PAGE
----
Five or six times a day I will move my mouse to my left display to click on either the Windows Start menu or the task bar and as I do that the dock pops up on the left monitor because my mouse went to the bottom of the monitor, close to where the Windows Start menu and task bar live. Not only does the Dock just appear there, but often times gets in the way of what I was trying to click. Very annoying. Today, I found out there is a way to prevent the Dock from following your mouse. If you go to System Preferences and into the settings for Mission Control, there is an option called Displays have separate Spaces.
After unchecking this box, Dock following was disabled. I thought my problem was solved, but I quickly found out that this option has several drawbacks as well. By unchecking this, the menu bar no longer spans across displays, so any time I want to do a menu action, I have to do it on the MacBook’s main display, which means sometimes I have to traverse three displays in order to get to the menu action. Also, while not a heavy user of spaces, I do use them from time to time when I’m heavily multitasking and during those times I want displays to have their own spaces. So, I’m back to the original issue of wanting a way to disable Dock following. I’ve done several Google searches and the only option to disable it that I’ve found is via the Mission Control setting. It boggles my mind that Apple does not provide a way to disable this. If anyone has a way to do this, drop me a line.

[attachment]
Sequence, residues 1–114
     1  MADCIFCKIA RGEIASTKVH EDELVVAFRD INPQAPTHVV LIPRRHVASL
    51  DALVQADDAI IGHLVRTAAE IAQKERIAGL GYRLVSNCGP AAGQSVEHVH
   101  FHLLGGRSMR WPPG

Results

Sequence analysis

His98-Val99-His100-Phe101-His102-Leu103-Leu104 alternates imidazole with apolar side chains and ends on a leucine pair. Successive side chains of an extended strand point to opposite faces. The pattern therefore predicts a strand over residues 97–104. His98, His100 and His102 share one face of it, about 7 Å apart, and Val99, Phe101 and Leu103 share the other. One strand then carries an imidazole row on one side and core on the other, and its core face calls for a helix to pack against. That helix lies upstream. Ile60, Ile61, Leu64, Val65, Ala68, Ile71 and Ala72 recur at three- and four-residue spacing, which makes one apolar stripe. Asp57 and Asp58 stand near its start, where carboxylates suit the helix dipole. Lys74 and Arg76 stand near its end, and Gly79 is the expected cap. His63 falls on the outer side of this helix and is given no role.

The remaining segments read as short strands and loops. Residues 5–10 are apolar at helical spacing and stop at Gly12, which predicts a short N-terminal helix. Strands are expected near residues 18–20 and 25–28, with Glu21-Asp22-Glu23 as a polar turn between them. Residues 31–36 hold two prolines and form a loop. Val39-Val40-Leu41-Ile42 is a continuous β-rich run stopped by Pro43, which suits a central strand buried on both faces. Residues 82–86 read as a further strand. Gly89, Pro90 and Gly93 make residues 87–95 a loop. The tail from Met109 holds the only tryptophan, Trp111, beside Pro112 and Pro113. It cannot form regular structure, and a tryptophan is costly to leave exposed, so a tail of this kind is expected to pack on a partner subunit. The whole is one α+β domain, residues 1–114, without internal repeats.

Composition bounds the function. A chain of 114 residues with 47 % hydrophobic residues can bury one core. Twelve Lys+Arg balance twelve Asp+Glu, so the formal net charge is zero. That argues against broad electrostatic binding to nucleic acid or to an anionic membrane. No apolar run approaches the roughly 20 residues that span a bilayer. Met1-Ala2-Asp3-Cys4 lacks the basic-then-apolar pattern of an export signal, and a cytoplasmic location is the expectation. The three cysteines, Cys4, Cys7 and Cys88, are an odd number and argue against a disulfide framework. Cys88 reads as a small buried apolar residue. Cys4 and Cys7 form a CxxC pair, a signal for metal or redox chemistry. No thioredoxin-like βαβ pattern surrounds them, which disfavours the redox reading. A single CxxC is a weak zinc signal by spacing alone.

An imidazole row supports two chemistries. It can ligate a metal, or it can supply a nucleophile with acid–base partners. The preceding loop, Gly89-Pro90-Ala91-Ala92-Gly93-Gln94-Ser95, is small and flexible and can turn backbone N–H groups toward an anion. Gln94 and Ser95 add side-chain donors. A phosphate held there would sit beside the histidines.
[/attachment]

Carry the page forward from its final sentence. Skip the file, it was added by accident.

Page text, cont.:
Because I love shiny new things, I enrolled in the macOS Sierra public beta to play around with it before its general release. Once Sierra was released, I no longer wanted to receive public beta updates. In the past, I’ve gone to System Preferences -> App Store and disabled beta updates. Normally, this would remove the updates from appearing in the App Store’s Software Updates, however, this time I was still getting notified of new public betas. That’s when I found this thread on Apple’s forums. The solution, opening up Terminal and typing the following command: sudo softwareupdate --clear-catalog
Running the command removed the beta updates from the App Store and now all is right with the world. I thought I’d post this solution in case anyone else runs into this issue as well.
People who know me know I’m a huge advocate of Apple and their products. So, when something goes wrong, it is a bit disappointing. When I was troubleshooting the issues I was having with my iCloud backups I noticed that my iCloud storage was shrinking at a rapid pace.